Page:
France seeks exit strategy from Mali after failed military campaign
Eight years after France sent troops to Mali to stop militants from invading the country, it faces tough choices about how to continue pursuing extremists without getting bogged down in a potentially un-winnable war.
According to a report by AFP, five have been killed by roadside bombs in Mali in the past 10 days, bringing the number of soldiers killed across the Sahel to 50 since France launched a campaign to rid northern Mali of militants in January 2013.
Among the latest victims was Sergeant Yvonne Huynh, the first female soldier killed since the start of the French intervention.
Her death on Saturday, claimed by a group linked to al-Qaeda, coincided with a massacre across the border in western Niger, where unidentified gunmen killed around 100 villagers in one of the worst atrocities in the region.
The deaths – and disputed claims Tuesday by villagers in central Mali that up to 20 wedding guests were killed in an airstrike – have clouded recent successes highlighted by France’s 5,100-member Barkhane counterterrorism force. , and its African partners.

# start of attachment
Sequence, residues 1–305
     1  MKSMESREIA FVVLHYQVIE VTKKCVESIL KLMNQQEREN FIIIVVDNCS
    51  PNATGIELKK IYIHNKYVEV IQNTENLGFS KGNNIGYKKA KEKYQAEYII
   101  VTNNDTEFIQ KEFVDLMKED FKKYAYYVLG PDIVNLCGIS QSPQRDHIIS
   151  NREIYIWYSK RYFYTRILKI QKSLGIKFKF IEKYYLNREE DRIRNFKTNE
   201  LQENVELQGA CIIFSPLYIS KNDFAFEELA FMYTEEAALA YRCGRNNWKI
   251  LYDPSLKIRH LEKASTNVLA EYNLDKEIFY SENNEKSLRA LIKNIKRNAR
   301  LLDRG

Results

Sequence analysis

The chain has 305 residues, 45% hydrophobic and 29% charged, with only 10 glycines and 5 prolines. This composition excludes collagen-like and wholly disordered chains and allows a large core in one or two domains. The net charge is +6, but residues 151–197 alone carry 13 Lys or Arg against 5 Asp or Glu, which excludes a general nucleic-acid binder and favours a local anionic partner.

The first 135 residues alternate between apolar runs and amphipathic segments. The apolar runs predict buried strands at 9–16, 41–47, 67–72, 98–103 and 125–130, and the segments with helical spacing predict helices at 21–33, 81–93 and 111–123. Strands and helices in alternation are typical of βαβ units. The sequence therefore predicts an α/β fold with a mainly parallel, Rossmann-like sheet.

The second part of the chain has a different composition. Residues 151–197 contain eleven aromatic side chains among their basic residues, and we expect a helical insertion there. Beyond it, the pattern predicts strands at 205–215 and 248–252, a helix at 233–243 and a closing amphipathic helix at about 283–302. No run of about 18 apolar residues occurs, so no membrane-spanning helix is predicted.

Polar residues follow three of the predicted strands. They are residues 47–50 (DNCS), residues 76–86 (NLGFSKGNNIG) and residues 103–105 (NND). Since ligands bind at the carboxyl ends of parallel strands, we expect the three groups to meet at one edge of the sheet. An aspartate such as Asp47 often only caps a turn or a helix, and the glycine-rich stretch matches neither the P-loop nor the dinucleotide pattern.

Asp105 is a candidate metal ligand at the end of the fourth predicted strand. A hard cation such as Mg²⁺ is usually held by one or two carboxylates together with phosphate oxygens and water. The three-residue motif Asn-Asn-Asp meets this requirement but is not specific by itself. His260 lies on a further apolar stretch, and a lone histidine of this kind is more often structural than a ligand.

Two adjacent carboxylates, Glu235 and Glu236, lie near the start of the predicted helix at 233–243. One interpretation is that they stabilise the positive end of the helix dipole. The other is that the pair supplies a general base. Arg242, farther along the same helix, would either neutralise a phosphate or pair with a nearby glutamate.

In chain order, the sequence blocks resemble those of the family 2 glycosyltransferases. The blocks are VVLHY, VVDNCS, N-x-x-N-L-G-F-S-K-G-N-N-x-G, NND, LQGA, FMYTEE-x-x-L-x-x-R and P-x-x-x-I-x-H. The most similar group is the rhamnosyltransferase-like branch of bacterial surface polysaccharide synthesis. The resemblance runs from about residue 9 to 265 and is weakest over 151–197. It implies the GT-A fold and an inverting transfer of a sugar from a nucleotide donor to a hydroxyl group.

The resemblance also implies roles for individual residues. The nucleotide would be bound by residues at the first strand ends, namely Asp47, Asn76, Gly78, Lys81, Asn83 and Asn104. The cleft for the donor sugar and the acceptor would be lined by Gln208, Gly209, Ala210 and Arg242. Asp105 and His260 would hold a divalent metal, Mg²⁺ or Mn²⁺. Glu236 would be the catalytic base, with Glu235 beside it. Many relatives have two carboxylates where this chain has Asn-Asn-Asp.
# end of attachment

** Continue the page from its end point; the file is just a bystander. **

Over the past year, the French have killed the infamous al-Qaeda leader, Abdelmalek Droukdel, as well as one of the military leaders of the GSIM affiliated with al-Qaeda.
Anxious to avoid getting bogged down in a long conflict in Afghanistan, Paris is preparing to announce a withdrawal of the 600 additional soldiers it deployed in the Sahel last year.
But whether the withdrawal signals the beginning of the end of France’s mission in the Sahel is not yet clear.
Defense sources said AFP that President Emmanuel Macron wishes to go further in reducing the number of French troops in the Sahel region before the next presidential election in April / May 2022.
“So far, the French have not really questioned the role of France in the Sahel. But you have to be very careful. Public opinion can change very quickly, ”a government source said AFP.
A sign that the Sahel mission could become national political football, some opposition politicians have already started to question the wisdom of staying the course.
“War in Mali: for how long?” The far left party France Unbowed questioned Monday.